NASA investigates femtosecond laser machining for spaceflight applications
A femtosecond laser can effectively weld glass to copper, glass to glass, and drill hair-sized pinholes in different materials.
Using a femtosecond laser, a team of researchers at NASA's Goddard Space Flight Center (Greenbelt, MD) has shown that it can effectively weld glass to copper, glass to glass, and drill hair-sized pinholes in different materials for use in spaceflight applications.
The research group, led by optical physicist Robert Lafon, is expanding its research into more exotic glass, such as sapphire and Zerodur, and metals, such as titanium, Invar, Kovar, and aluminum—materials often used in spaceflight instruments. The goal is to weld larger pieces of these materials and show that the femtosecond laser technology is effective at adhering windows onto laser housings and optics to metal mounts, among other applications.
A Goddard team is using an ultrafast laser to bond dissimilar materials, with the goal of ultimately eliminating epoxies that outgas and contaminate sensitive spacecraft components. Shown here are a few samples (from left to right): silica welded to copper; silica welded to Invar; and sapphire welded to Invar. (Image credit: NASA/W. Hrybyk)
The laser energy doesn't melt the targeted material—rather, it vaporizes it without heating the surrounding matter. As a result, technicians can precisely target the laser and bond dissimilar materials that otherwise couldn't be attached without epoxies.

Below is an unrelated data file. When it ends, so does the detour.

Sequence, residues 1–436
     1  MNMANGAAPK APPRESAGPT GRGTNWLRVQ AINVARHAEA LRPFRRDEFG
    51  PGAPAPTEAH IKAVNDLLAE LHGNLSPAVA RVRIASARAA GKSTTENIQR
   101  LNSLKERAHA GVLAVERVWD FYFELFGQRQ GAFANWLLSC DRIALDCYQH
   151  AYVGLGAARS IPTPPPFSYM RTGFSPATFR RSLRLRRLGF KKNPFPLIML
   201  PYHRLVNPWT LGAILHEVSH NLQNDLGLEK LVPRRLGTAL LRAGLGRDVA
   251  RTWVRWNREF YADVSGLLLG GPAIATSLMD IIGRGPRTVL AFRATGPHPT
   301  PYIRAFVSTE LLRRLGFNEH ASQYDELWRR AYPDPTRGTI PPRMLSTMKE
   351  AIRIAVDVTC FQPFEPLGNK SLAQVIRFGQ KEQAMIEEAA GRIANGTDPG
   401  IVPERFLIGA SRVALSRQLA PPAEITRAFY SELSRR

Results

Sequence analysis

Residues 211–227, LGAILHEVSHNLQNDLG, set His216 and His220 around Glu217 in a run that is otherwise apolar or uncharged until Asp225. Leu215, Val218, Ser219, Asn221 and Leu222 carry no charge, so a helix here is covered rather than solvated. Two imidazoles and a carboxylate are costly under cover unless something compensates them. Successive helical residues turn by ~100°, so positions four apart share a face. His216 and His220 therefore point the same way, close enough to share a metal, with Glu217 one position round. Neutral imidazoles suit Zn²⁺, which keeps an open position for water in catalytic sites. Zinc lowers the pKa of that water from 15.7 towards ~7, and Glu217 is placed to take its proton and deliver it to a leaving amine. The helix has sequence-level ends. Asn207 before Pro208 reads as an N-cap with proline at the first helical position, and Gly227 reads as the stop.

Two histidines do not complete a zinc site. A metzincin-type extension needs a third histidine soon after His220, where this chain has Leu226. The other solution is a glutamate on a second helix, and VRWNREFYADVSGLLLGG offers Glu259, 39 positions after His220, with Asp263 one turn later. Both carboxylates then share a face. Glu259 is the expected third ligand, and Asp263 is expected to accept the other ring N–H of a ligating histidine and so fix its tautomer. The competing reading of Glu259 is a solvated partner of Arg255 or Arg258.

Another important application is in the area of micromachining. "The ability to remove small volumes of material without damaging the surrounding matter allows us to machine microscopic features," Lafon adds.
Microscopic features include everything from drilled, hair-sized pinholes in metals—an application the team already demonstrated—to etching microscopic channels or waveguides through which light could travel in photonic integrated circuits and laser transmitters. The same waveguides could allow liquids to flow through microfluidic devices and chips needed for chemical analyses and instrument cooling.
Steve Li (left), Frankie Micalizzi (middle), and Robert Lafon (right) are using an ultrafast laser to bond dissimilar materials and etch microscopic channels or waveguides through which light could travel in photonic integrated circuits and laser transmitters. (Image credit: NASA/W. Hrybyk)
Next, the team plans to compile a library of micromachining and welding capabilities. "Once we are able to demonstrate this capability reliably, we will attempt to apply it to existing challenges here at Goddard. Our initial research is showing that this technology could be applied to a large number of projects across NASA," Lafon says.
For more information, please visit www.nasa.gov.